Much of Wilson's life is recalled through the recollections of old friends, some of them fellow rockers, others of them likeable, if less famous, Wilson loyalists. Occasionally, Leaf includes primary sources that are chilling in their immediacy. 'Come on Brian, forget who you are, would ya,' his father's deep gravelly voice is heard during one recording session. 'You got any guts, let's see it.' It's a moment that captures the dark, bullying side of 1950s masculinity that Wilson would rebel so violently against. 'I've got one ear left, and your big, loud voice is killing me,' Wilson replies, his resentment and rage apparent despite the famous, falsetto pitch of his voice. A clip of Wilson singing the haunting 'Surf's Up', accompanied only by his own piano playing, featured in a special television show hosted by Leonard Bernstein, highlights Wilson's tremendous musical mastery, but also the trance-like, riveting focus, the complex emotional absorption he was capable of bringing to his own songs. Too soft in his features to be a classically handsome rock star, Wilson, in this performance, none the less has a brainy sex appeal. He has the look of a man who's in on an enticing secret very few could hope to understand.
When Wilson's breakdown takes him out of the Beach Boys and out of the public eye, he disappears from the documentary as well. The film show Wilson sliding into depression after the Beach Boys reject the songs he was writing for the album Smile in 1967 – already his lean look of creative intensity was being replaced by a leaden heaviness about his face – and then jumps to 1994, when Wilson met Melinda, the woman who's still his wife, and who helped him find appropriate medical attention. She also encouraged him to start touring again, a practice that ultimately led to Wilson's performing Smile live. It was a triumph that in turn gave him the confidence to record, at long last, the actual CD in 2004, to great acclaim.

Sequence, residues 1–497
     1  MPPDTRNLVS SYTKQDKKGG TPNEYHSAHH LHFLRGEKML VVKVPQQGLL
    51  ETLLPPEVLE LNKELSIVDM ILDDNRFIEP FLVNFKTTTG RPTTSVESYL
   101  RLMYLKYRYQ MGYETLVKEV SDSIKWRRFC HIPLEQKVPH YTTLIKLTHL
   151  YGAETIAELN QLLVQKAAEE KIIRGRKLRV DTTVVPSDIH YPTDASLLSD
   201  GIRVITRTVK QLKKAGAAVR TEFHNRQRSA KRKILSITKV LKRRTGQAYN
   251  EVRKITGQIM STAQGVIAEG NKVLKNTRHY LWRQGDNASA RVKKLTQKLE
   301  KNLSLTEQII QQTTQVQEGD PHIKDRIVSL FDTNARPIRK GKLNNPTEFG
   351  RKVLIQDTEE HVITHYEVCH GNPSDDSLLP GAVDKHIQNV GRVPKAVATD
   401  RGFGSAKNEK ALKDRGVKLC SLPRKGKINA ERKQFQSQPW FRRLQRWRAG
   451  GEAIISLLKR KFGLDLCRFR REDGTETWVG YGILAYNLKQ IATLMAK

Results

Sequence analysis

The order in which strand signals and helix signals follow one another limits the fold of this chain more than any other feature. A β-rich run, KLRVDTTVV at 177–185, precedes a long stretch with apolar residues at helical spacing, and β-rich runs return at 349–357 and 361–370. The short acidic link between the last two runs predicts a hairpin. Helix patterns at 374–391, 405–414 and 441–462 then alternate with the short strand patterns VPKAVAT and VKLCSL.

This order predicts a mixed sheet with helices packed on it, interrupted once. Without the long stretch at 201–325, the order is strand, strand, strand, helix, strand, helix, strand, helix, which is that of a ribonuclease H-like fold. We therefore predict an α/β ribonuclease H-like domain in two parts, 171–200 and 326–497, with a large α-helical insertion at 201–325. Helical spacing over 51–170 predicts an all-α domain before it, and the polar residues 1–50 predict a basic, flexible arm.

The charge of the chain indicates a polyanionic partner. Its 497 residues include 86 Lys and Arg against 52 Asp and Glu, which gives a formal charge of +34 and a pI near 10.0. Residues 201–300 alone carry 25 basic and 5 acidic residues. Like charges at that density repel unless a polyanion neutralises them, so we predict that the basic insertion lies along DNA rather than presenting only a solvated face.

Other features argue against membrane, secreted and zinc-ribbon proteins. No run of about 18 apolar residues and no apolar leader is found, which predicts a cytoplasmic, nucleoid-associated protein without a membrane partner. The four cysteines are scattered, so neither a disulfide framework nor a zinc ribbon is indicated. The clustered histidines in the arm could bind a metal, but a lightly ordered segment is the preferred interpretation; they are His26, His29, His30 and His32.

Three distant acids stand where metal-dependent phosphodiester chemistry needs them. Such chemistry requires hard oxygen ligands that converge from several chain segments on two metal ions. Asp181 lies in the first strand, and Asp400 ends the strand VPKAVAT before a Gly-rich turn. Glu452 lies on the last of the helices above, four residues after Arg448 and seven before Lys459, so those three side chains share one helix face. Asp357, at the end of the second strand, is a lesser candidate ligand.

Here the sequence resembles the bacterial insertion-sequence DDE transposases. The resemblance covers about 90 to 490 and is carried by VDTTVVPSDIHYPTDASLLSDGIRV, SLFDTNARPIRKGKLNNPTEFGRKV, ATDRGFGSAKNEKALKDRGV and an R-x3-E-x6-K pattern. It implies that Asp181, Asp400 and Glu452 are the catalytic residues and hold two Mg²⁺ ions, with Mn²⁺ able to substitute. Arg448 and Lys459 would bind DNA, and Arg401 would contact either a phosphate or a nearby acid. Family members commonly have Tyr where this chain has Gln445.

The 27-year gap is the one jarring note in the documentary, given that Wilson's mental illness is as integral a part of his legend as his music; the years spent lying inert in bed, his ballooning weight, the controlling psychiatrist, Dr Landy, who held Wilson in his sway. Why skip those years? 'They weren't relevant to the making of Smile.' explains Leaf.
Wilson himself doesn't mind talking about Dr Landy, a controversial figure who rehabilitated him from his lowest point, but who was investigated by the California Attorney General's office for his unorthodox methods. (Charging $200 an hour for years of round-the-clock supervising, Landy discouraged Wilson from communicating with his family, allegedly oversaw the rewriting of Wilson's will, and also started trying to collaborate with Wilson on some of his songwriting.) 'I don't know', says Wilson, 'I can't seem to figure out if I like him or I don't like him.' And if his former svengali were to walk into the restaurant at that moment? 'I'd be kind of scared. Bur also happy. Maybe a little of both.' he says. He grimaces, a lopsided, screwing up of his mouth that appears from time to time when he's talking about difficult material. Wilson reaches out and gives Leaf's hand a squeeze. Was he, I ask, feeling a surge of affection for Leaf, a new, safer ally? ' He was looking a little lost,' says Wilson.